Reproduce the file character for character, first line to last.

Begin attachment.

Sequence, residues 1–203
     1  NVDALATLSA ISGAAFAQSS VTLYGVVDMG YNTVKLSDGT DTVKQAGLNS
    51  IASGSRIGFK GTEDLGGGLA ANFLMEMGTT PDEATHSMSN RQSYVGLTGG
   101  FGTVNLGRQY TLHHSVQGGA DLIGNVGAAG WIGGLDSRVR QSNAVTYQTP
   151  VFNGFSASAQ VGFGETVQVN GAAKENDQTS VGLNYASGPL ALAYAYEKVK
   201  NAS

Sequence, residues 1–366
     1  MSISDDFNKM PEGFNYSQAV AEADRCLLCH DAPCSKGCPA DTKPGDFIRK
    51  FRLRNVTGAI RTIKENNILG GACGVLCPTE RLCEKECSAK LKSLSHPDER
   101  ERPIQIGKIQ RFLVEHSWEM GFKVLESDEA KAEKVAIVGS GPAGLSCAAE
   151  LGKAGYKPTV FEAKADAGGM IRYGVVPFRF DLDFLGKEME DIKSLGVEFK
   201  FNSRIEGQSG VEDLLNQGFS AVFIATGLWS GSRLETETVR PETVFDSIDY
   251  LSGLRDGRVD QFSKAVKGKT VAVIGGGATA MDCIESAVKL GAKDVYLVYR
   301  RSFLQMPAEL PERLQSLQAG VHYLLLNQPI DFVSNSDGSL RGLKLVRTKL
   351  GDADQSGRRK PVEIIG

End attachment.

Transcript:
Sequence, residues 1–203
     1  NVDALATLSA ISGAAFAQSS VTLYGVVDMG YNTVKLSDGT DTVKQAGLNS
    51  IASGSRIGFK GTEDLGGGLA ANFLMEMGTT PDEATHSMSN RQSYVGLTGG
   101  FGTVNLGRQY TLHHSVQGGA DLIGNVGAAG WIGGLDSRVR QSNAVTYQTP
   151  VFNGFSASAQ VGFGETVQVN GAAKENDQTS VGLNYASGPL ALAYAYEKVK
   201  NAS

Sequence, residues 1–366
     1  MSISDDFNKM PEGFNYSQAV AEADRCLLCH DAPCSKGCPA DTKPGDFIRK
    51  FRLRNVTGAI RTIKENNILG GACGVLCPTE RLCEKECSAK LKSLSHPDER
   101  ERPIQIGKIQ RFLVEHSWEM GFKVLESDEA KAEKVAIVGS GPAGLSCAAE
   151  LGKAGYKPTV FEAKADAGGM IRYGVVPFRF DLDFLGKEME DIKSLGVEFK
   201  FNSRIEGQSG VEDLLNQGFS AVFIATGLWS GSRLETETVR PETVFDSIDY
   251  LSGLRDGRVD QFSKAVKGKT VAVIGGGATA MDCIESAVKL GAKDVYLVYR
   301  RSFLQMPAEL PERLQSLQAG VHYLLLNQPI DFVSNSDGSL RGLKLVRTKL
   351  GDADQSGRRK PVEIIG